Using Photoshop cutouts to make photo artwork is probably the most desired skill for Adobe Photoshop Beginners (and Adobe Photoshop Elements beginners). Beginners to the program or people who have never used Adobe Photoshop want to make photo artwork by combining multiple pictures together for graphic art, collages, or just for fun. Using Photoshop to cutout pictures is not only a desired skill, but required for most of this basic photo artwork.
If you are one of the Adobe Photoshop beginners, there is good news! Learning how to use Photoshop to cutout pictures is not very difficult to learn, and with a little practice it can be mastered to help you make amazing photo artwork. If you have tried your hand at photo cutouts, you may be wondering what the tips and tricks are to get rid of jagged corners and rough edges to your cutout images. Why do the images in all the professional photo artwork look so smooth?
For the Adobe Photoshop beginners (Photoshop Elements included), let us start with the basics - and there are certainly enough basic tips to get you going without any super advanced techniques. For Photoshop cutouts - such as a person - from an image, you will want to use the lasso tool. There is a basic lasso tool, a magnetic lasso tool, and a polygonal lasso tool. For precise photo artwork cutouts, we will disregard the basic lasso tool and focus just on the magnetic and polygonal lassos. I primarily use the polygonal lasso but the magnetic is great if your image has very defined borders (against the backdrop) and if you do not want to spend a lot of time for cutting out images. It will attract itself to what it can see as the edge of your preferred cutout image, based on contrasting colors and shapes.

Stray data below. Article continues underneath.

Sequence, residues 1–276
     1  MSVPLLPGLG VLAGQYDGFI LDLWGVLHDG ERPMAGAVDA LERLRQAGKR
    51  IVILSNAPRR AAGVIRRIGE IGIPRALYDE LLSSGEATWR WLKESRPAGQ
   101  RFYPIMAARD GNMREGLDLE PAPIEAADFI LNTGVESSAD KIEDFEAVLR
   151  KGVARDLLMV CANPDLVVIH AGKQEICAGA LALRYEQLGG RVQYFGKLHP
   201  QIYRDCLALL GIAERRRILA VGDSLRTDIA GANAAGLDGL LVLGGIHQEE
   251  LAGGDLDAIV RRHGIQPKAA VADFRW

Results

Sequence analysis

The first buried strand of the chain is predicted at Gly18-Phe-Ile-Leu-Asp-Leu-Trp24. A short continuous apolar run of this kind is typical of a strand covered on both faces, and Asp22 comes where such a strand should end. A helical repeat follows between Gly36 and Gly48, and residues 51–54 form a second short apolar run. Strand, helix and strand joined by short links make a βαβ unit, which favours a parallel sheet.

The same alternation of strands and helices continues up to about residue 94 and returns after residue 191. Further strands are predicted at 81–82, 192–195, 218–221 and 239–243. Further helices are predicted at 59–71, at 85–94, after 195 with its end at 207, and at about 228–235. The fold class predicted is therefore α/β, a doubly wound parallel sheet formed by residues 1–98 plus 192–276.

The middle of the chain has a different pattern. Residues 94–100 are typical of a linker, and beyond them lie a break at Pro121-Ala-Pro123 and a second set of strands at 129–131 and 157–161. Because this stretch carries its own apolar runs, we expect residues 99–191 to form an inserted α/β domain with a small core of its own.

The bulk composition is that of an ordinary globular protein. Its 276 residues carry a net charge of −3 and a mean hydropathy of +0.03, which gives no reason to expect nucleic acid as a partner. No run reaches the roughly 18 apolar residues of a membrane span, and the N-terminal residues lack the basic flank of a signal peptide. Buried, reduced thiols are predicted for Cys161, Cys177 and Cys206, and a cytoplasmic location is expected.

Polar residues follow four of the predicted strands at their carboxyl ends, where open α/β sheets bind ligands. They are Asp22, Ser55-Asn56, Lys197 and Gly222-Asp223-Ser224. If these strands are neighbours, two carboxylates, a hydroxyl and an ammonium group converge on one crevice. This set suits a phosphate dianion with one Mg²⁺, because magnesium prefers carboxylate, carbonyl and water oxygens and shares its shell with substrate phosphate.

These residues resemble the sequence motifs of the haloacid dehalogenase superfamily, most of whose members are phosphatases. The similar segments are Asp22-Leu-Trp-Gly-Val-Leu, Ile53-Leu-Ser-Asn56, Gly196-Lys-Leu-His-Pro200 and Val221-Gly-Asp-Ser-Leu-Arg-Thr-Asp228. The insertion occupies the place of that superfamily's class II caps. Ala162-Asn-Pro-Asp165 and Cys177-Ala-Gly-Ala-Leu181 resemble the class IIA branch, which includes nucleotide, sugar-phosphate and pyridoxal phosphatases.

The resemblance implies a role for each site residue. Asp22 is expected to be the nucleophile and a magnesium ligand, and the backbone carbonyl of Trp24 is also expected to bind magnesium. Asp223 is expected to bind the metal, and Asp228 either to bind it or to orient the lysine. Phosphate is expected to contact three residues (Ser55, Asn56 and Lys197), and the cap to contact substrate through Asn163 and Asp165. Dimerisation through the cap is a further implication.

So are you ready to make photo artwork with Photoshop cutout techniques? With your image selected, zoom in to a range of around 150-300% so you can clearly see the image to be cutout. Select the polygonal lasso tool and take your time to select points around the edges of your image. For example, on a person take extra time around the face, ears, fingers, etc. When you get all the way around the image, connect the last point with the first point until the cutout is selected. This is where many people are left with jagged edges in their artwork. Right-clicking will give you many different options and a "Layer via copy" will create a new Photoshop cutout layer with exactly what you cutout (often with a few rough corners.) Instead, an easy way to create a smooth photo cutout is by using the feathering technique.
Selecting the Feather option will bring up an option of how many pixels you want to feather - or blur - around your selection. How precise you want your photo cut out and the size of the image will determine how many pixels you want to choose, and experience will help you to know (remember you can undo any action quickly!). After you feather, you can then use the "Layer via copy" action. If you are Photoshop beginner, try this technique and use a feathering of about 2-10 pixels and look at the result. Chances are it will be a smooth cutout that can be part of your new collage, illustration, or photo artwork.
Feathering is an integral part of skills needed for Adobe Photoshop beginners and can be used for cutouts, blending images, and combining photos. This basic technique for mastering the essentials of Photoshop cutouts is very simple and can be added to by a variety of techniques that you can explore at your own leisure. Once you know the fundamentals behind photo cutouts and feathering, you will learn to have all sorts of fun creating photo artwork in Photoshop!